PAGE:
When we got there, it seemed like the entire world was out and crowded around these food carts.  I would come back to these carts later, but first we had to try some of Busan’s famous mini kimbap (think California sushi rolls with different fillings).  We went to a food tent that specialized in these mini kimbap, and there was plenty of variety in terms of ingredients we could choose. IMG_2101 You ordered by placing plastic kimbap on each flavor tag, and then the woman behind the counter would whip them up in a jiffy. IMG_2102IMG_2103 I was starving at that point, so we ordered almost all of the flavors.   I saved myself for the parade of little rolls that made their way onto our plate which included the following flavors:  spicy pepper, flying fish eggs, anchovy, spicy tuna, spicy pork, spicy beef, kimchi, and dried squid.IMG_2104IMG_2107  I loved nearly all of them, but the spicy pork and spicy beef were the most disappointing.  It was more like eating liquified, overly salty mystery meat puree in a sushi roll.  Not my kind of dining experience.  I really enjoyed the spicy pepper kimbap since they were spicy but filled with lots of pepper flavor.  The flying fish egg kimbap were surprisingly good since the eggs brought a different texture to the rolls as I enjoyed popping the little orbs between my teeth.  I eventually slowed down, but the food crawl didn’t end there.  We then moved down the main pedestrian area of Gukje Market to get 납작만두 or napjak mandu which are essentially flat dumplings or potstickers that came with a side of 오징어무침 or ojingeo muchim which is strips of squid and vegetables in a chili sauce.IMG_3616  It was one of the many food carts that had a mob of people around it jostling for position to taste some of the wonderfully grilled dumplings, and I quickly made a hole in the crowd for us to stand.  It seemed like people would put the vibrant red strips of squid and vegetables in the dumplings and then fold them like tacos to eat with chopsticks.    Overall, I would have enjoyed them more if I wasn’t so full of kimbap, but they were delicious.  The dumplings were crispy around the edges, and the dough had a buttery taste that gave way to seasoned vegetables inside.IMG_2110  Combined with the semi-sweet and spicy squid and vegetables melange, my palate was fully satisfied.  As we made our way back to where we entered, I stopped for a quick drink at the convenience store.  I saw a drink that was called “pine bud drink”, so I got it. IMG_2108 It apparently was made from pine tree needles, and the taste isn’t good.  I took a big swig and was intrigued by the taste. IMG_2158 It kind of tasted like Gatorade at first, but then I was blasted with a shot of a flavor I could only describe as pine tree mixed with menthol.  Strangely, I enjoyed it for some reason I couldn’t quite put my finger on.  Then again I like green tea flavored products while my other foreign friends can’t stand it.  Try it at your own risk.  Finally, there was the 씨앗호떡 or ssiat hotteok or seed hotteok.  We could only get it at the severely crowded entrance where we were quickly ushered in line by a guy working for the food cart.IMG_2116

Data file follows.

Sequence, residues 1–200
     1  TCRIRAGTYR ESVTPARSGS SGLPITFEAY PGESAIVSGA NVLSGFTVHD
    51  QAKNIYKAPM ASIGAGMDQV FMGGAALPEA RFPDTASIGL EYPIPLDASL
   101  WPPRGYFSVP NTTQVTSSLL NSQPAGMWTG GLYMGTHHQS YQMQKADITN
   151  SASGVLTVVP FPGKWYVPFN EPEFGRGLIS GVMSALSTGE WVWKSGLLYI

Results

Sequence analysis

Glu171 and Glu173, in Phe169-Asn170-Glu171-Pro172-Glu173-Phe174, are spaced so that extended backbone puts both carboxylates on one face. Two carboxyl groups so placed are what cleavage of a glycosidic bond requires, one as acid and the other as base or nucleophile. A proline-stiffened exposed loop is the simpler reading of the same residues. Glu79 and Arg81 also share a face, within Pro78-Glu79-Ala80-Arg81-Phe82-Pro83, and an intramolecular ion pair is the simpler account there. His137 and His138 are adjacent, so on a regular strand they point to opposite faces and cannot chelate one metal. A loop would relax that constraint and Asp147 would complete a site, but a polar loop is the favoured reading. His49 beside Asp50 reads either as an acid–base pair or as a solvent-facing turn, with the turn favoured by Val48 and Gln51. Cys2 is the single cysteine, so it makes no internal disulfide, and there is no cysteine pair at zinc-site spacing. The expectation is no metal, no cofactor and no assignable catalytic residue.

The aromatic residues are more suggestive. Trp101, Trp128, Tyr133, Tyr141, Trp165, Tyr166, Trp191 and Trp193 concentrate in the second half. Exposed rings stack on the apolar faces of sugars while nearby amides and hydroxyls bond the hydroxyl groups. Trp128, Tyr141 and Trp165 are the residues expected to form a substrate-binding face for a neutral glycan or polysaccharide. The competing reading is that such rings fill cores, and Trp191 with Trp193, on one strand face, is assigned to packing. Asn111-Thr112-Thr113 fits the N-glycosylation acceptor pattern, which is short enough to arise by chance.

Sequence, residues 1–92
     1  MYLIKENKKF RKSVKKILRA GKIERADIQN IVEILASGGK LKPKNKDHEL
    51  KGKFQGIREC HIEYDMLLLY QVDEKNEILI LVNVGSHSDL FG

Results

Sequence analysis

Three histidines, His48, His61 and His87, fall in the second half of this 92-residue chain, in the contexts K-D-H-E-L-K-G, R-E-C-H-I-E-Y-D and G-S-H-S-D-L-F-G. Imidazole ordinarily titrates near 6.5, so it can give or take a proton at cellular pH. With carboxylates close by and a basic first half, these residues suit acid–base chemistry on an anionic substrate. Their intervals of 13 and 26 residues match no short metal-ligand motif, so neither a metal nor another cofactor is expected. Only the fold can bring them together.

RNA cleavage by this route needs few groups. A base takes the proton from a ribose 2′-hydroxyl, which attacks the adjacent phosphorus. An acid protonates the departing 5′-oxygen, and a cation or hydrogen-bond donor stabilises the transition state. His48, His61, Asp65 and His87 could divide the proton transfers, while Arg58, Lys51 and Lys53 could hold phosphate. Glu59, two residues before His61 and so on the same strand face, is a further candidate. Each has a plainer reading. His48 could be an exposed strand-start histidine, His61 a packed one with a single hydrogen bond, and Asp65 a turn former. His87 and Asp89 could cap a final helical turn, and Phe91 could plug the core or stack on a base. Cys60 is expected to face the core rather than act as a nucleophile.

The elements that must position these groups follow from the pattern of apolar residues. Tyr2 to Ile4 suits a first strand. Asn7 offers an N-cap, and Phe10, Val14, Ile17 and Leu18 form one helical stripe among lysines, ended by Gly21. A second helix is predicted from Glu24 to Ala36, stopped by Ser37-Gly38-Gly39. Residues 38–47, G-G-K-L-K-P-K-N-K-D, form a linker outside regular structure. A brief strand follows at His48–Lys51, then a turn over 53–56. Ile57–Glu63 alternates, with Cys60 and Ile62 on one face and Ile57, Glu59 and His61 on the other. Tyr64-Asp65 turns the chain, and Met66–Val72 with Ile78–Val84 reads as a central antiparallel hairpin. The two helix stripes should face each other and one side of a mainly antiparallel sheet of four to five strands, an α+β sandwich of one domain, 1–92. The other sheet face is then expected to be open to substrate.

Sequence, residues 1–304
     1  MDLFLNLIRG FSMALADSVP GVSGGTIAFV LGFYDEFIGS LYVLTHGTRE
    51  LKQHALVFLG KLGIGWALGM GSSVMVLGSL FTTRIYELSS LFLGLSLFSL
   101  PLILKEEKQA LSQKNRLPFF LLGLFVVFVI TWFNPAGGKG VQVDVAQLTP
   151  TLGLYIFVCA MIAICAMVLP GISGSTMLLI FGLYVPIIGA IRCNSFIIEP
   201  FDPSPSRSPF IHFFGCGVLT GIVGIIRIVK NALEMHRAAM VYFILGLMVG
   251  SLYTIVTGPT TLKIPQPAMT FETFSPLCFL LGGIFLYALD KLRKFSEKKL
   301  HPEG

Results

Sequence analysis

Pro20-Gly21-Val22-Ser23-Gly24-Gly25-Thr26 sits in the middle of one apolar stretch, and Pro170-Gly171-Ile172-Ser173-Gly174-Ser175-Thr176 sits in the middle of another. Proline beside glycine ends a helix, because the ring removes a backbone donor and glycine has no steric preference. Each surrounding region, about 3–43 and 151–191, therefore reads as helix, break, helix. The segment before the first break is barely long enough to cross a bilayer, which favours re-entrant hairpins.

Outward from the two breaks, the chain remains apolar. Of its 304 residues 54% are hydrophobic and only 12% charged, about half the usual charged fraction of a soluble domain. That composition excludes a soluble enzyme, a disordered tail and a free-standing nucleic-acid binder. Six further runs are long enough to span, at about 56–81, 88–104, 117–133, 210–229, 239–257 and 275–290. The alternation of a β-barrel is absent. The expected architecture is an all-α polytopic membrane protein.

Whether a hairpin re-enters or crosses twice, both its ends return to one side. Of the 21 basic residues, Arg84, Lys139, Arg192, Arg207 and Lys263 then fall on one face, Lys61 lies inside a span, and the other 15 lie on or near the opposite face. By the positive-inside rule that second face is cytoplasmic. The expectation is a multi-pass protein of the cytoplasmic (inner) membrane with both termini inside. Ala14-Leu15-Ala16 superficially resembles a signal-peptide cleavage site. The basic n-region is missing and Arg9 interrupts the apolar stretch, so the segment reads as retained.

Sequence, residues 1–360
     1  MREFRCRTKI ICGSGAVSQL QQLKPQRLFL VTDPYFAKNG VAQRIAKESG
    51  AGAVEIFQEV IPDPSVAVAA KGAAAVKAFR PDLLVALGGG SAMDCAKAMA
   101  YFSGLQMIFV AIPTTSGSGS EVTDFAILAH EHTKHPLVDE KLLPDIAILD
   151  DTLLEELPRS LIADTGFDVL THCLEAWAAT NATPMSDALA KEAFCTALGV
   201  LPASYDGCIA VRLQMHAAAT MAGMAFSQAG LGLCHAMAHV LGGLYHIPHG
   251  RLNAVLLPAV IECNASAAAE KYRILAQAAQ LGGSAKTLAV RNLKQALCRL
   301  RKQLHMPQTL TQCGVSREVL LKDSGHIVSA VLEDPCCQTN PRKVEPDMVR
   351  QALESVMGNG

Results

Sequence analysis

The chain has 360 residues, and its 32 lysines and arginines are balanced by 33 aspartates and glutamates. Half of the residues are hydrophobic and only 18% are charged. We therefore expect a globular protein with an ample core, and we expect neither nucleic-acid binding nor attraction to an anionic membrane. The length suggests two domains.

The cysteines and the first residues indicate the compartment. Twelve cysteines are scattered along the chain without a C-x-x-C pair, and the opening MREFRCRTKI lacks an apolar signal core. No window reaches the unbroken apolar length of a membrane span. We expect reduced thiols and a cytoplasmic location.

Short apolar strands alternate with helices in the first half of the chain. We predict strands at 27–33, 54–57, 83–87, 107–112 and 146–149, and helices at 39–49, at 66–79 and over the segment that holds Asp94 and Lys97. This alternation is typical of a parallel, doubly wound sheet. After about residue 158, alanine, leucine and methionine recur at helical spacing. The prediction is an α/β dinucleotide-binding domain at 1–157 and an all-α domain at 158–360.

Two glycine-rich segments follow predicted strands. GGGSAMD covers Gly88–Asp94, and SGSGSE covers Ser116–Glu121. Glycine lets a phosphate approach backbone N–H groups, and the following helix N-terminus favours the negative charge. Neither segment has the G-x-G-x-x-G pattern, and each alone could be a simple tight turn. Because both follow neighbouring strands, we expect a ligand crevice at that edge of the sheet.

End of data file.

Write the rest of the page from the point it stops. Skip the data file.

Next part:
Apparently this is the original food cart that started serving the hotteok.